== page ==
Categorized | Health

Women and Their ACL’s: Part 1

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June 23, 1972 marked an important day in history for the American, educational system. On this day, the United States government passed an amendment called Title IX, which prohibited discrimination against females in any type of government-funded school athletic program.

As a result, a new generation of female professional and recreational athletes emerged in the United States. While this was a step in the right direction, orthopedists began to notice that certain athletic injuries were common amongst women. The ACL tear is one of them.

What is an ACL?

The anterior cruciate ligament, often called the ACL, is one of the four, knee ligaments that connect the thigh bone with the tibia or shin bone. It is responsible for limiting rotation and forward motion of the tibia. ACL injuries occur usually during three specific circumstances: planting and cutting moves, straight-legged landing jumps or pivoting with a hyper-extended knee.

Symptoms and Treatment

In most cases, a loud popping sound announces the unfortunate arrival of an ACL tear. Extreme pain ensues, followed by inflammation and the inability to bear weight. But physical pain is just part of the problem. A torn ACL requires costly and complex surgery, extensive and expensive post-op physical therapy and up to six-months away from your sport. To add insult to injury, knees with reconstructed ACL’s are 105% more susceptible to developing osteoarthritis than those without reconstructive surgery.

Susceptibility

If you are female, you share a susceptibility to ACL injury with your sisters in sport. In fact, physical therapist Maureen Madden of the Stone Clinic in San Francisco asserts that female athletes are eight times more likely than males to sustain an ACL injury, and that during activity, incidence of female knee injury is five times higher per hour for females than for males.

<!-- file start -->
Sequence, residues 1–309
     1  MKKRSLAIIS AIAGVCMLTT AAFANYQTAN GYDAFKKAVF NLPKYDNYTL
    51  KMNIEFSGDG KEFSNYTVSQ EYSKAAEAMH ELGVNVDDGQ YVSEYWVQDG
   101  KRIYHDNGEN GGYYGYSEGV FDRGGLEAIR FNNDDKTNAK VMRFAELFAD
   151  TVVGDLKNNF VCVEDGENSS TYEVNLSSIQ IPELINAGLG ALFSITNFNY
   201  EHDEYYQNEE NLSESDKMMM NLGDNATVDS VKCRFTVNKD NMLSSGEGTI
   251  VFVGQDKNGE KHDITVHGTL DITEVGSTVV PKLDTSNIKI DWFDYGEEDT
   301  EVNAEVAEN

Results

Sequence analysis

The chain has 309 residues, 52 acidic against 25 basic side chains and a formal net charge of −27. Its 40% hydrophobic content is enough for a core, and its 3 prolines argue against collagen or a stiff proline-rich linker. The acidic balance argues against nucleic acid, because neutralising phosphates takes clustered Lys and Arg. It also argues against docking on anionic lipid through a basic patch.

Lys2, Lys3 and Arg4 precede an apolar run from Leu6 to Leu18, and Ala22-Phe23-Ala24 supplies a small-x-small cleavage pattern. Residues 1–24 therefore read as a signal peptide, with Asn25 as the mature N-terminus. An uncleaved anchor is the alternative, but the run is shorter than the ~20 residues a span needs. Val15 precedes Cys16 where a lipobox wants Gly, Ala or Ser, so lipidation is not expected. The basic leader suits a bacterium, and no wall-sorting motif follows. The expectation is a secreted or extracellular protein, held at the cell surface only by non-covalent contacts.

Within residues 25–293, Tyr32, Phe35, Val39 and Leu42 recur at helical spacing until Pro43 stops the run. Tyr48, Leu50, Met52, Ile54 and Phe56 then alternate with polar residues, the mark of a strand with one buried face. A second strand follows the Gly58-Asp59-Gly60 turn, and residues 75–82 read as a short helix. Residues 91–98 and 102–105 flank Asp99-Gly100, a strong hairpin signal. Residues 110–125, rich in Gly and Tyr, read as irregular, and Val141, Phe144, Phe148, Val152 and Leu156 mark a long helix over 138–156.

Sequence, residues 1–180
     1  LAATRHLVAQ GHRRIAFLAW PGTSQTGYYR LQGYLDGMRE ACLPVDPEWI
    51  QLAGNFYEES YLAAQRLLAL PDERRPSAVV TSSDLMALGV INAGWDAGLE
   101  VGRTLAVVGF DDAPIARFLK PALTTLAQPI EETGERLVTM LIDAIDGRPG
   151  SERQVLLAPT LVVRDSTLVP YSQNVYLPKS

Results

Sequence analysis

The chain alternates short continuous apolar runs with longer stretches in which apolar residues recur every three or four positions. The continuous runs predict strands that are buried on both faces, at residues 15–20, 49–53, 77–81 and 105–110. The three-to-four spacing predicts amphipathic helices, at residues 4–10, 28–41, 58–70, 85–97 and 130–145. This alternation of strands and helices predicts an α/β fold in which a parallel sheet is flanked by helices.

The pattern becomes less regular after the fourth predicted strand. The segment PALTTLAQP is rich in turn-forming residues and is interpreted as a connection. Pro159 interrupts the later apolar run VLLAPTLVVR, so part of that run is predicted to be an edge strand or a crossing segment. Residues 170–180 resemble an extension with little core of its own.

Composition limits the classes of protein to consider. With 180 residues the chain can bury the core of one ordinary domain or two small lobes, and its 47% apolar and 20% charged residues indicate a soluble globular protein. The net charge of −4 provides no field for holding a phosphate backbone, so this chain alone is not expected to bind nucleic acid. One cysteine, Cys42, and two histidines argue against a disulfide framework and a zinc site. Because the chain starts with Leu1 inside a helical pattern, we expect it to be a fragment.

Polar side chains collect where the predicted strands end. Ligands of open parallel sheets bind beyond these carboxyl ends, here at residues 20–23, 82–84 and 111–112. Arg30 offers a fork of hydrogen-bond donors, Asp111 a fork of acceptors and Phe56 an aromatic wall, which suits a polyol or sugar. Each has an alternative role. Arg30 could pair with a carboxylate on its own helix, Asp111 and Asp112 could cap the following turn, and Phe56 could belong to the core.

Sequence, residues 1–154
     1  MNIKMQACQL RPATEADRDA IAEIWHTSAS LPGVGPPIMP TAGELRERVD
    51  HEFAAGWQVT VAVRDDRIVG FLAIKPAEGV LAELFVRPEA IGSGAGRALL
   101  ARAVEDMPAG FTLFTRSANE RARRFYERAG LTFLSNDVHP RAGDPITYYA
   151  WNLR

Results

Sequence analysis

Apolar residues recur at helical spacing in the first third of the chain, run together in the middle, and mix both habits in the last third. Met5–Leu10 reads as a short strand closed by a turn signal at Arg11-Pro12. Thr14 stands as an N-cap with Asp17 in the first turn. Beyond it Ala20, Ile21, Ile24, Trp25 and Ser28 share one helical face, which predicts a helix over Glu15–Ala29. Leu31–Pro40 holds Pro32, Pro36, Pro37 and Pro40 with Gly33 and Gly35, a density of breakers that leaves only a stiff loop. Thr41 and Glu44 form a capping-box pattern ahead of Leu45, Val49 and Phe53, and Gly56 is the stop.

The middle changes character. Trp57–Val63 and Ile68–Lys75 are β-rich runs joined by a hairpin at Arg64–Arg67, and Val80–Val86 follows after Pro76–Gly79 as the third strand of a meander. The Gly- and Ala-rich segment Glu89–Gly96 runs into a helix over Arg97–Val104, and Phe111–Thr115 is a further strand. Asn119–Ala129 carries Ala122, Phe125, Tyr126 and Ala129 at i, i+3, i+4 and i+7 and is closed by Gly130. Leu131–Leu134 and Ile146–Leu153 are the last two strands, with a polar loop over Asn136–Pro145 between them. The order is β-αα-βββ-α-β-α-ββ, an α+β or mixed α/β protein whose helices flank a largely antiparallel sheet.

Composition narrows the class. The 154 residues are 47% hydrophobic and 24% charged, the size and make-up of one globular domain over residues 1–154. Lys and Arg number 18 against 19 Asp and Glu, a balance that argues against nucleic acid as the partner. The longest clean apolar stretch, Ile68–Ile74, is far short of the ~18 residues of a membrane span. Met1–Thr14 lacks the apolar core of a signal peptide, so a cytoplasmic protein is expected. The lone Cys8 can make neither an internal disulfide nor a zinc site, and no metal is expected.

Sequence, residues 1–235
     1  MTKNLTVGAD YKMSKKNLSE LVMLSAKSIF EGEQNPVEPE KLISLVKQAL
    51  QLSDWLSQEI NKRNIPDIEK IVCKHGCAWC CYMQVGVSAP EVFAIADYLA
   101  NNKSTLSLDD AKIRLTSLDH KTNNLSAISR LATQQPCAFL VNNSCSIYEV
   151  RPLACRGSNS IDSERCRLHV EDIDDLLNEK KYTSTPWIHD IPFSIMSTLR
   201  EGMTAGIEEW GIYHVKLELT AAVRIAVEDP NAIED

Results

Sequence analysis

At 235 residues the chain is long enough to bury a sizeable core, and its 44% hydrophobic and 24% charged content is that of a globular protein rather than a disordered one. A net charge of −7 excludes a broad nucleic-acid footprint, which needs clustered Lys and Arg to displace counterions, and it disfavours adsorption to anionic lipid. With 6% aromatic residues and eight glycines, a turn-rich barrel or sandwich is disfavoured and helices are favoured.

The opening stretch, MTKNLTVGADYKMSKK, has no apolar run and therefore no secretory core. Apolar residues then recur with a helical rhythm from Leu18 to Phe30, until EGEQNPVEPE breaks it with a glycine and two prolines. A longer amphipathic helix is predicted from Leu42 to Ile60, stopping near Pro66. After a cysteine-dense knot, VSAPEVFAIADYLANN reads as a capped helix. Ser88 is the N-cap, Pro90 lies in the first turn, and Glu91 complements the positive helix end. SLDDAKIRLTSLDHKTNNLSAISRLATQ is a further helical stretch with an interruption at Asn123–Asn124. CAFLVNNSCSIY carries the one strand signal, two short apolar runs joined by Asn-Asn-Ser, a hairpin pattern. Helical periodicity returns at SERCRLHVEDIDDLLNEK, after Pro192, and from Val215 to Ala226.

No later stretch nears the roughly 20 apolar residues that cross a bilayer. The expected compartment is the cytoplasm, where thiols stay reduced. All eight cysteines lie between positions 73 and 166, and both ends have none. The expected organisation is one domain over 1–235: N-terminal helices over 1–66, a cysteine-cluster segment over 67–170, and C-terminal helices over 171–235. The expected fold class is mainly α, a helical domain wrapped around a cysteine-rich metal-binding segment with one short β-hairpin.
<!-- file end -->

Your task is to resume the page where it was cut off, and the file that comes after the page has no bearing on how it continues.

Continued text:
When combined with faulty technique and inappropriate equipment, numerous biological factors increase the ligament’s propensity toward tearing. Athletes in the following sports are most vulnerable to ACL tears: skiing, volley Ball Gymnastics Soccer Hockey Basketball Rugby Wrestling Lacrosse and Football. These factors may include the following issues.

Hamstring/quadriceps muscle imbalances: Your quadriceps and hamstrings should have no more than a 60 to 40 percent strength ratio. Women, unfortunately, have significantly weaker hamstrings. This causes a biological domino effect. Your quadriceps straighten your legs, and your hamstrings flex your knees. Weak hamstrings causes women to land from a jump with knees in a locked position, thereby placing too much stress on the shinbone and tearing the ACL.

Hormonal Issues: Androgen is a male hormone. It increases your ability to build musclemuscle that your knees require to enhance their stability. Women have more estrogen, which increases joint laxity. Flexibility usually comes easily to women, but excess flexibility increases joint instability. In fact, the results of a 1988 Swedish study of 108 female soccer players indicate that women have susceptibility to ACL injuries during their menstrual cycles. The players’ injuries decreased when their physicians put them on birth control pills. Flexibility is helpful, but not to the point that it compromises joint stability. There’s a big difference between the flexibility required for sports conditioning and the flexibility needed for performing in Cirque du Soleil. Re-evaluate your fitness programing. Chances are you need less yoga and more strength training.

A wider Q angle: The “Q” or quadriceps angle describes the angle between the hip and knee. It’s steeper in women, which leaves the female knee prone to slipping and sliding under duress.

In the next article, we’ll explore more factors involved with ACL injuries.

About Lisa Marie Mercer

Author of Winter Fitness: Mastering Life Through Love of the Slopes, and 101 Women's Fitness tips, Lisa Marie Mercer has 0ver 25 years of experience in the fitness industry. She owned a sports conditioning studio in Colorado, and taught a ski fitness week in Portillo Chile.

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